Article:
We've got a huge game coming up in India this afternoon: the final of the U-17 World Cup, which pits our youngsters against England's. It is, to a certain extent, an unusual pairing, because the countries from Sub-Saharan Africa have tended to dominate at this level. Both as a result of their swifter physical development, something that's part of their natural make-up and gives them an advantage, and because, now and again, that has perhaps been allied with the doctoring of paperwork to sneak in lads older than the maximum age. Since FIFA introduced wrist scans to ascertain a player's age with sufficient accuracy, though, such suspicions are a thing of the past. Anyway, this is the first final between two European nations, and both have reached the trophy decider in sparkling fashion.
First all-European final a repeat of May's continental title decider
This is the only World Cup or European Championship that Spain have never won. They have at least one of the rest to their name, at every level. That may seem like a weight on these young lads' shoulders, but they have one thing working in their favour: they've already contested a final against the same group of English players, and won it - albeit on penalties. That came in the U-17 Euros five months ago. 20 of today's 22 expected starters lined up that evening in Croatia. The exceptions are Spain's injured midfielder Jandro Orellana and England winger Jadon Sancho, a phenomenal talent whose club, Borussia Dortmund, ordered him back to Germany midway through the tournament as they did not want to be without him for a longer period of time. Spain owe the Bundesliga outfit a debt of gratitude.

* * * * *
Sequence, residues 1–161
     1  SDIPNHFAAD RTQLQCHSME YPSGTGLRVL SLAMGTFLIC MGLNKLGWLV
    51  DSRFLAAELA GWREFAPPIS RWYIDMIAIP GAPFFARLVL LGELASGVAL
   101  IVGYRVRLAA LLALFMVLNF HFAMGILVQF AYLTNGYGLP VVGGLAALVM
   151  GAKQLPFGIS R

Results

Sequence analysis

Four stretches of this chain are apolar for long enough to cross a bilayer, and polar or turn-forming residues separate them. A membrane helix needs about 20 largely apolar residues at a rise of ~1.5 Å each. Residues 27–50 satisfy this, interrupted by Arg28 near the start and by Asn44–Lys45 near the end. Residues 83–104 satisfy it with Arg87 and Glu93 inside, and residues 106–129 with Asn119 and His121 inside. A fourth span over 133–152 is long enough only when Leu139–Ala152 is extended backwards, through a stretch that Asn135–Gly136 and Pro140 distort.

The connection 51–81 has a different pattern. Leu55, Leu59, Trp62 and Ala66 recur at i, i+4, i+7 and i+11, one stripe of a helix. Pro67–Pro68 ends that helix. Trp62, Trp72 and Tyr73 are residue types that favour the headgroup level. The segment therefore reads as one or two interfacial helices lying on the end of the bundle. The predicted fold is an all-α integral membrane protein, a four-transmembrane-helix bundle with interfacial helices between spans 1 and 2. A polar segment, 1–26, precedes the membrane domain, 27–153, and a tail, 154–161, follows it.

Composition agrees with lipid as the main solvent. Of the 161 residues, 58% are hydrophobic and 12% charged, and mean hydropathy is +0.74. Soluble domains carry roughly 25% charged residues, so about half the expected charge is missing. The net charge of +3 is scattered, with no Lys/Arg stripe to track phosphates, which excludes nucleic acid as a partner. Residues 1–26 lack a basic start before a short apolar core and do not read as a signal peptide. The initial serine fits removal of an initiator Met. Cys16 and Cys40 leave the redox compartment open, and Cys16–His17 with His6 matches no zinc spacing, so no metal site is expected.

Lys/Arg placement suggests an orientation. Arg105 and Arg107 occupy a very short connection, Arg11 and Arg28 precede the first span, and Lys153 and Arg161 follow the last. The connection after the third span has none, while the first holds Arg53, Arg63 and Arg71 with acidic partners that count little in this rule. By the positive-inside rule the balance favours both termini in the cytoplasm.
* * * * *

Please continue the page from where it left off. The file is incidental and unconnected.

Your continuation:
Watch out for England's Brewster, Foden and McEachran
One man who will be out there is Abel Ruiz, whose six goals mean he's battling for the Golden Boot. He spearheads an attack in which Fran Torres, César Gelabert and Sergio Gómez are the creators-in-chief. In the England side, the headline threat is Rhian Brewster - Ruiz must overhaul his seven goals in India to finish as top scorer - although Philip Foden and George McEachran are of equal concern. England have been producing some fine talent for a little while now. Going forward, the Young Lions are a terrific side; less so defensively, where they've offered evidence that they're not such a strong unit. Their keeper and centre-backs aren't all that. Kolkata is the venue for the final, and a capacity crowd is anticipated. Football's getting bigger and bigger in India. A cracking match is in store.